myExperiment is a collaborative environment where scientists can safely publish their workflows and experiment plans, share them with groups and find those of others. (Please see the myExperiment Wiki for more detailed information). This results in the myExperiment data model having three main underlying features:
These features are the main focus of the myExperiment Ontology. Fig.1 gives a rough outline of how the main entities of myExperiment interact.
Fig.1 The Main Entities of the myExperiment
The myExperiment Ontology borrows terms from a number of well-known ontologies/schemas to foster reuse by simplifying ontology alignment:
myExperiment borrows terms in a number of ways:
It was decided to construct the ontology in a modularized way to further encourage reuse, where others could pick and choose the modules they wanted to use. The myExperiment ontology currently has 10 modules:
Fig.2 is a class hierarchy diagram for all the classes used in the myExperiment ontology, colour-coded by the module they belong to.
Fig.2 Class Hierarchy Diagram for Ontology Modules
For most of the classes described in Fig.2 RDF examples are available. Modules reuse terms from other modules as well as terms borrowed for the ontologies/schemas previously described. Fig.3 diagrams of how modules borrow from each other with each arrow going from the borrowed-from module/ontology/schema to the borrowing module. The "Base" module is built open by all the other modules (except SNARM). The "Specific" module is slightly different as it imports all the other modules below it. This allows a single URI to be referred to when importing the myExperiment ontology set. Documentation explaining how all the ontology's classes and properties from the ontology can be used is available here.
Fig.3 Ontology Modules Architecture
The Base module contains two classes Contribution and its subclass Upload to represent content objects that can be managed. Contribution is a superclass to describe any content that can be contributed by a User. Upload is designed to only represent content that has been that is uploaded not created online. Upload therefore has additional properties for filename, file URL, file type and licensing.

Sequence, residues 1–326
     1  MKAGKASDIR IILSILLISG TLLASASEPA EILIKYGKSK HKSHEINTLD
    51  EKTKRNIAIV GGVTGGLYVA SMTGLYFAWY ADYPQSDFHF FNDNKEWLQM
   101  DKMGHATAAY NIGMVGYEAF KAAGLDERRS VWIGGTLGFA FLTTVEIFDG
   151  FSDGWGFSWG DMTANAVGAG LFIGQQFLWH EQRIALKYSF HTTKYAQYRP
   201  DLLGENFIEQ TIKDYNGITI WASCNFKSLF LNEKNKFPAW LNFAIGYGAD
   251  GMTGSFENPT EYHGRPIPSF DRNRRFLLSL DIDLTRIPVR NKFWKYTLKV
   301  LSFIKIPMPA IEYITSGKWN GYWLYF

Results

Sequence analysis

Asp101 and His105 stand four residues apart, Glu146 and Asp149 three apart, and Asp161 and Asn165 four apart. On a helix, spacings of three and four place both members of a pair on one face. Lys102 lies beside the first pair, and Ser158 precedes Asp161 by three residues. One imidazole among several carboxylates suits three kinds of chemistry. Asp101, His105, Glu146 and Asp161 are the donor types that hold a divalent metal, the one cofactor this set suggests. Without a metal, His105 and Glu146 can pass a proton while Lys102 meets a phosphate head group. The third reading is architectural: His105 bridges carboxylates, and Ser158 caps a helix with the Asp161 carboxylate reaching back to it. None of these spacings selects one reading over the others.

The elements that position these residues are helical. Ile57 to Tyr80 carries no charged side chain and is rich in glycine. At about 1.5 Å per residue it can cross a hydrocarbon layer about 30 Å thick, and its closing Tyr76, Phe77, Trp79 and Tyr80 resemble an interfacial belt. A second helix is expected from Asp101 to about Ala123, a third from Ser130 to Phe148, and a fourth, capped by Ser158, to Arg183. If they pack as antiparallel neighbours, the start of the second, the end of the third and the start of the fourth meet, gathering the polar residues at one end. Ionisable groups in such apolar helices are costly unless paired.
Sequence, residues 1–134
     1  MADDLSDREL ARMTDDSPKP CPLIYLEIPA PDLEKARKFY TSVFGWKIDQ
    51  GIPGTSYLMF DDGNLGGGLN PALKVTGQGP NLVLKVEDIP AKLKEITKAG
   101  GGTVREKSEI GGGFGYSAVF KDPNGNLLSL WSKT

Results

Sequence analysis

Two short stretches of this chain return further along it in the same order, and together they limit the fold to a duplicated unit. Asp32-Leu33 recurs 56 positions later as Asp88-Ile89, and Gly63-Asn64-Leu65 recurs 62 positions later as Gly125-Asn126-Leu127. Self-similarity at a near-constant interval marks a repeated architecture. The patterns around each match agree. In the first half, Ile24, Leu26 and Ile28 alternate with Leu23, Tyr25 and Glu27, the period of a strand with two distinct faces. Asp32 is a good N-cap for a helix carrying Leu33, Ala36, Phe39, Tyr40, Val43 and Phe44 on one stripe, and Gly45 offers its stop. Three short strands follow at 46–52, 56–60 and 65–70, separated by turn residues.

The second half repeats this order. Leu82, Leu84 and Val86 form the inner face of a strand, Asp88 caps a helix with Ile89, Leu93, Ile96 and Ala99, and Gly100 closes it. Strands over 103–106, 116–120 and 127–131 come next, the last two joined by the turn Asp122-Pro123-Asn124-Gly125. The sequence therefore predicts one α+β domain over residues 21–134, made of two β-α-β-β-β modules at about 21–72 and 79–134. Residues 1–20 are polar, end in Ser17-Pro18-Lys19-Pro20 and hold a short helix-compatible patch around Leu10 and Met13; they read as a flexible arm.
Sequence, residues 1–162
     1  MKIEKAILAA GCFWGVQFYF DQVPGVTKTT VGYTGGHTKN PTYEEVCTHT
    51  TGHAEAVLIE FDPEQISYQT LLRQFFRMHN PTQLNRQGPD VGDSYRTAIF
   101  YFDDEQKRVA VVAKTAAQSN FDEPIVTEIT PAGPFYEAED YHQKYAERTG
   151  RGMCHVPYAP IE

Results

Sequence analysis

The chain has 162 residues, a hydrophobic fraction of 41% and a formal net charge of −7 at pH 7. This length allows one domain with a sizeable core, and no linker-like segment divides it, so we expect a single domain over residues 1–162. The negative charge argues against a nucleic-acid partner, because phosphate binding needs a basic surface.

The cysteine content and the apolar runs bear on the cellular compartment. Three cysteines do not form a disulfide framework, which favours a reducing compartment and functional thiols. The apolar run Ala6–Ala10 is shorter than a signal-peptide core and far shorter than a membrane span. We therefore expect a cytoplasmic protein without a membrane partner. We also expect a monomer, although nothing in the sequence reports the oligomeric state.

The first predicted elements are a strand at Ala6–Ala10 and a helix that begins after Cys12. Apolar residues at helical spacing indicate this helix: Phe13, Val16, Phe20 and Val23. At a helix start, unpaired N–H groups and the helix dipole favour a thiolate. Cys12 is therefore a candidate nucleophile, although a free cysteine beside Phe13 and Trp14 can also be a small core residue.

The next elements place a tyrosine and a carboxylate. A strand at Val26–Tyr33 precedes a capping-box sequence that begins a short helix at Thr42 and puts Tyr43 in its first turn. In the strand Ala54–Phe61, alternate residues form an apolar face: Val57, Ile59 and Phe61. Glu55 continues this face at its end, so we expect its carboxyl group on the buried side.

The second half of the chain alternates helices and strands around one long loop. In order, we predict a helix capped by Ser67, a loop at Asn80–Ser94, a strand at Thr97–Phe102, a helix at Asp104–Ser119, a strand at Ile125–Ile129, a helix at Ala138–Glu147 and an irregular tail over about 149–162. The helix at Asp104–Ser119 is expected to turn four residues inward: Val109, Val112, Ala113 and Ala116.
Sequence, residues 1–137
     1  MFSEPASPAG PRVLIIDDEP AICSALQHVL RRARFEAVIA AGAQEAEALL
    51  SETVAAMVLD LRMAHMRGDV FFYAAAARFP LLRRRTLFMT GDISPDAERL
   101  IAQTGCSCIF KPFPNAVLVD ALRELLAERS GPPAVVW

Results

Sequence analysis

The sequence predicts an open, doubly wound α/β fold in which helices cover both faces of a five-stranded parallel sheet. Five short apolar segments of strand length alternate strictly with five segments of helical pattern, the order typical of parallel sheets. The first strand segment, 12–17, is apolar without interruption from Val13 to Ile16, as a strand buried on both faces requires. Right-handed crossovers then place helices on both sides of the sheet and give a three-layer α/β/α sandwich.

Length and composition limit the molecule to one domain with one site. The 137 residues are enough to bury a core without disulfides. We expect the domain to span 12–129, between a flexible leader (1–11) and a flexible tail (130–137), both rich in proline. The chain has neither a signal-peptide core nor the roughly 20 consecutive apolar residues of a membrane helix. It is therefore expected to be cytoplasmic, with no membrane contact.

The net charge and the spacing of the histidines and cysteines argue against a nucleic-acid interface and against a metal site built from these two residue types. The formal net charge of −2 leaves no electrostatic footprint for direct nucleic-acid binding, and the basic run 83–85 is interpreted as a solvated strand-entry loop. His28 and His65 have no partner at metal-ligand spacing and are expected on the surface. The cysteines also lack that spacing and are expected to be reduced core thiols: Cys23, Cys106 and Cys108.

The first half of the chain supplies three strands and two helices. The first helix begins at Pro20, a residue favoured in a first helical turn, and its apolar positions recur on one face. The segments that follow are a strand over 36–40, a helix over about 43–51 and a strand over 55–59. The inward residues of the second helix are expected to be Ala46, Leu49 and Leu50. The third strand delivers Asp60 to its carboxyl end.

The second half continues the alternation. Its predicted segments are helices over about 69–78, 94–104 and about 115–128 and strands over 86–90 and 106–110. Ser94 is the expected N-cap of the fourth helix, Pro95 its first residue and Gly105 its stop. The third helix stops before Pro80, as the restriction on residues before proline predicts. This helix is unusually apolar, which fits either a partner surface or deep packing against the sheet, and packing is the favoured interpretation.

During the course of the myExperiment project one of the key challenges was providing a flexible and user-friendly interface for user to define who can do what with their contributions. This led to the data model becoming slightly convuluted in this area. Therefore the SNARM ontology was defined to try to rationalise how this information is stored in RDF form.
SNARM uses policies which contain one or more Access objects. Access objects can be unrestricted or restricted to an Accesser that could be a single user, a single group or a more abstract concept such as all the friends or the content owner. The second component of an Access object is the AccessType they provide, e.g. view, edit, download, etc. These types are often quite particular and therefore Specific is used to store these along with abstract Accessers (e.g. Friends) and abstract/unrestricted Access objects (e.g. FriendsEdit, PublicView). A more detailed explanation of SNARM can be found here.
Users can request friendships with other users, which can then be accepted. Users can request membership of a group which may be accepted by the group's owner. A group owner may also request for a user to join a group which the user may then choose to join. All information about the friends a user has and groups they are a member of are store within the Friendship and Membership objects. FriendshipInvitation and MembershipInvitation are similar to their non-invitation counterpart except the request is made to an external party via an email address.
Friendships and Memberships are separate objects from the User or Group. However, it is possible to write SWRL rules to infer is-friends-with and (is/has)-member triples that can be stored as properties of the User or Group object.